“Where am I?” The female's voice sounded harsh, gravelly. Already the gaping gash across her throat was fading away, now just a jagged white line. Kinnasy took her right hand out of her pocket and grabbed the female's face, spreading her fingers to cover from temple to temple.
The female reached up to fight away Kinnasy's arm, but Jason appeared behind her and intercepted the fragile limbs, twisting them neatly behind her back. She started moaning.
“Are you ready?” Kinnasy asked him, ignoring the female's attempts to communicate. He nodded.
She met the female's gaze.
“Your name is Elana Gotrich. You are human. You were attacked by a group of remnants and barely escaped. You sustained mild amnesia.”
The female's eyes rolled back in her head. She began trembling. Kinnasy paused, then probed the female mind. It felt supple, open, willing, even, for her suggestion.
“Your name is Elana Gotrich.”
“What is your name?” Jason asked, speaking directly into her ear. The trembling subsided.
“Elana Gotrich.” The female sounded confident, despite her still-healing vocal folds. Jason nodded, then released her arms and reached into his jacket. The female sat still, no longer trying to fight away Kinnasy's grip. Jason handed Kinnasy a sheet of paper. She skimmed over it, then set it in her lap and refocused her attention on the human.
“You are from Area 3. Your family died during the '78 riots. You work at the transit station.”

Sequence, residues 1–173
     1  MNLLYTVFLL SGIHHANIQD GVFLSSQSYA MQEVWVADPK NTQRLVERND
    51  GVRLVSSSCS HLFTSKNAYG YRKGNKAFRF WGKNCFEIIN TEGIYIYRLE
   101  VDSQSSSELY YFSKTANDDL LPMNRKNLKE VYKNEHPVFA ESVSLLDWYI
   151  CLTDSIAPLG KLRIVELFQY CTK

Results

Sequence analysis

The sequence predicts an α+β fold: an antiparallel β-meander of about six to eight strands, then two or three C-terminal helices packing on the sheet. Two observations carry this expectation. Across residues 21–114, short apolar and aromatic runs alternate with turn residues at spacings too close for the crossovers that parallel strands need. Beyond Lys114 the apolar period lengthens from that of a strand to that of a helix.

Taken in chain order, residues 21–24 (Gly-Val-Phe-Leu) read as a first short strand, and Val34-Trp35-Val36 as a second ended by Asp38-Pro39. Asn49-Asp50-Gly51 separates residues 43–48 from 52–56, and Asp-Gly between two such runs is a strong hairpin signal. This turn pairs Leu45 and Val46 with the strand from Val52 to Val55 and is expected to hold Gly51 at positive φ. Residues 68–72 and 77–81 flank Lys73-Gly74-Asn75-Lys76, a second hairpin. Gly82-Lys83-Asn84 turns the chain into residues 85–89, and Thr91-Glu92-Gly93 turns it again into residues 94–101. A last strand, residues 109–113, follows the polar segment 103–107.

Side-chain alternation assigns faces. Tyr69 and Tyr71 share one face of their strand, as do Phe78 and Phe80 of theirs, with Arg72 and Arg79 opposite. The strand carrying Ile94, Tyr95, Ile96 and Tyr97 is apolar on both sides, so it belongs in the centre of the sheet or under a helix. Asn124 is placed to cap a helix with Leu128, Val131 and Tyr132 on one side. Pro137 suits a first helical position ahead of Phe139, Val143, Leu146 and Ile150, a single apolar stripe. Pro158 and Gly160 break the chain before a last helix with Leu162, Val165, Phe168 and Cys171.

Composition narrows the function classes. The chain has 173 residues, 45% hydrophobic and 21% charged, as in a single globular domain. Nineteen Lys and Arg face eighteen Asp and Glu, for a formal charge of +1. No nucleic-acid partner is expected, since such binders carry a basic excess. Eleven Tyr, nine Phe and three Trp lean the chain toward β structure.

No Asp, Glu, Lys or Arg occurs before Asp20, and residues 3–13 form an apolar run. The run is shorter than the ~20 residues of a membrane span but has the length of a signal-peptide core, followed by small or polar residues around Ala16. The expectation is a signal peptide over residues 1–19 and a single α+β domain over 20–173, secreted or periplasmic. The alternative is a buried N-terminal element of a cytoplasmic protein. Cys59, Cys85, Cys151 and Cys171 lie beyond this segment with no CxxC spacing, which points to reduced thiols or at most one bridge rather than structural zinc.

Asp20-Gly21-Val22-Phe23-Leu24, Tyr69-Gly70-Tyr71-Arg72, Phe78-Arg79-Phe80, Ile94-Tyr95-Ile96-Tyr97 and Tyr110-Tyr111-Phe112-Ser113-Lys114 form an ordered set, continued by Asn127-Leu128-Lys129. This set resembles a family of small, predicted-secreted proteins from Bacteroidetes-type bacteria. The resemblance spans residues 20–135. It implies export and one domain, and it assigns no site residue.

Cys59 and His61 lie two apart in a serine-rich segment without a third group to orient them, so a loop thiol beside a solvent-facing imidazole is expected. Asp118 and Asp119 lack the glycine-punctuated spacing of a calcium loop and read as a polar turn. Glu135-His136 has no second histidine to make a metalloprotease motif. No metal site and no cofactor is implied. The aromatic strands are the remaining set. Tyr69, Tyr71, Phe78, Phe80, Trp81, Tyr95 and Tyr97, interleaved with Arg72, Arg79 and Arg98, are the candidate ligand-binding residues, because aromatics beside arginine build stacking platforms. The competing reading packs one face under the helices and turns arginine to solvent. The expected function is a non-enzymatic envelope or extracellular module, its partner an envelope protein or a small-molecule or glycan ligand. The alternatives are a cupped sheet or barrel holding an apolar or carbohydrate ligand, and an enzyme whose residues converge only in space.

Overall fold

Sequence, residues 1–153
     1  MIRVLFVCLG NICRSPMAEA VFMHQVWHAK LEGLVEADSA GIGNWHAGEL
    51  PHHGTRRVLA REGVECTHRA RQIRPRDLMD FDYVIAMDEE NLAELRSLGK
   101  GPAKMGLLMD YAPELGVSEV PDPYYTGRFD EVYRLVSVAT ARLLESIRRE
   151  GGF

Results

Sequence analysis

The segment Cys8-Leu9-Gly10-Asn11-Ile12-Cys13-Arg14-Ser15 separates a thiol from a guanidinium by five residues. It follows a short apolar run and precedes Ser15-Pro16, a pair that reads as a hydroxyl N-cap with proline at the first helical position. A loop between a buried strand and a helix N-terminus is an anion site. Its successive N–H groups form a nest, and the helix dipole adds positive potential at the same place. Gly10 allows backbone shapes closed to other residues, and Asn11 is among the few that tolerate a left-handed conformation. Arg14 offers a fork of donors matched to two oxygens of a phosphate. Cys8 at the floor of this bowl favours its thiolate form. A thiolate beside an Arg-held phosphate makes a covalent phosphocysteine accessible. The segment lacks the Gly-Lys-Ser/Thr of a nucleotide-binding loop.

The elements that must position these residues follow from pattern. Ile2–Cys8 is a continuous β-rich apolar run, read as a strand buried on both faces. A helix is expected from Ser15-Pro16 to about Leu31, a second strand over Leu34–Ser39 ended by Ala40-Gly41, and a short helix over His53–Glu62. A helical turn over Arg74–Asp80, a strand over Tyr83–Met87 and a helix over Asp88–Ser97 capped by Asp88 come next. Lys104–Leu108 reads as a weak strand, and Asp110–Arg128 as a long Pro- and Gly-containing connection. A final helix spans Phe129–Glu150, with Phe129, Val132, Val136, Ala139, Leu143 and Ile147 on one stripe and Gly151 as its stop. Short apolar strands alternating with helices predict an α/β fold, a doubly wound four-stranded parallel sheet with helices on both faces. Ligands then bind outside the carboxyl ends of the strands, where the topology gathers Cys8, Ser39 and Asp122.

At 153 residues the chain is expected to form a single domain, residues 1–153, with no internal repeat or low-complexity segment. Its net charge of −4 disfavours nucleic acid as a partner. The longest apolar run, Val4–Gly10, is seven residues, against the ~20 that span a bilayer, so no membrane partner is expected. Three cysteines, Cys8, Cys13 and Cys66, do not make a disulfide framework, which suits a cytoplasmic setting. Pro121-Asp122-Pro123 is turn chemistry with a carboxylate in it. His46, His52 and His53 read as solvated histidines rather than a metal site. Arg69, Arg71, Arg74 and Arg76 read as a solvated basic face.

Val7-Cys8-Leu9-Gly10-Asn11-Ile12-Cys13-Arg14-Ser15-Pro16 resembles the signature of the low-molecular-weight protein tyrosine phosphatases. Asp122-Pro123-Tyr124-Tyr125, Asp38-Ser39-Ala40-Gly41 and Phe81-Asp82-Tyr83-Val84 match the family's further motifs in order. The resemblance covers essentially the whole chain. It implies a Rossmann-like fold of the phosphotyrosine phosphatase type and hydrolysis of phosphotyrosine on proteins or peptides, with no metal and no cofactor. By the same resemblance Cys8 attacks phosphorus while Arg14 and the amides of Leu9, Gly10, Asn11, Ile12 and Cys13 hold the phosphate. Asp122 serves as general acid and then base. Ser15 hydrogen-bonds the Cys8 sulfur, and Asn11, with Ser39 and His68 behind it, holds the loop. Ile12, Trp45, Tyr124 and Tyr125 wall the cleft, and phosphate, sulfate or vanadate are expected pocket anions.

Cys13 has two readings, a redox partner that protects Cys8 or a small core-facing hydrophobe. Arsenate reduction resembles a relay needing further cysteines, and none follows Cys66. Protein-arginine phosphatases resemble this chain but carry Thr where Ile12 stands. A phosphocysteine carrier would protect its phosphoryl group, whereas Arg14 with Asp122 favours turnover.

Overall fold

She recited the information pre-selected to program into this vessel's brain, distantly aware of the Nox men untying the Lux woman's body from the stake. They carried her to the box and laid her inside, then shut the lid.
Jason took over, questioning the female on the information Kinnasy had just implanted, and though she should have been listening to the female's responses, an approaching figure stole her concentration.
Tall, willowy, long blond hair caressing her body in the icy wind, protected by heavy black robes. Even from this distance, Kinnasy could see the tattoos swirling across golden skin.
Her eyes darted to Jason, who was full engrossed in the female's Displacement. He didn't see the robed woman approaching, too wrapped up in his work to sense her presence. Kinnasy fought the urge to speak, to break the spell they were so carefully binding through this human—Elana Gotrich's—mind and spirit, to warn him of the woman's imminent arrival.
But she couldn't blow their cover. Her tongue felt like a chunk of lead in a suddenly dry mouth as the woman sidled up to them, her perfectly-formed face clearly visible now, down to the tiniest curlicue on her tattoos.
Her hand slid across Jason's shoulders, red-lacquered fingernails digging into his jacket's thick material.
Kinnasy wanted to vomit, wanted to lay her hands on the woman's face and see who would be most powerful in the end: light or darkness.
Jason's gaze flicked up to hers, deep amber glinting orange in the firelight.
“Come to my tent,” the woman said.
Though she lacked their ability to force word into action, Cleric Griet Overgaard's voice still resonated through Kinnasy's body and mind, shivering pure raw power down her spine. Jason released the human female and stood up.
“Elin wishes your presence when you're finished, Wilder,” the Cleric said, then slipped her arm around Jason's waist.
“Yes, Cleric,” she said, averting her eyes.
“Yes, Cleric,” the human mimicked. Fuck, too strong a presence in her mind. The Cleric's untimely arrivals always unnerved Kinnasy.
“Come,” Cleric Overgaard whispered to Jason, and Kinnasy watched with furrowed brow while the leader of the Lux Cipher Order led away her lover.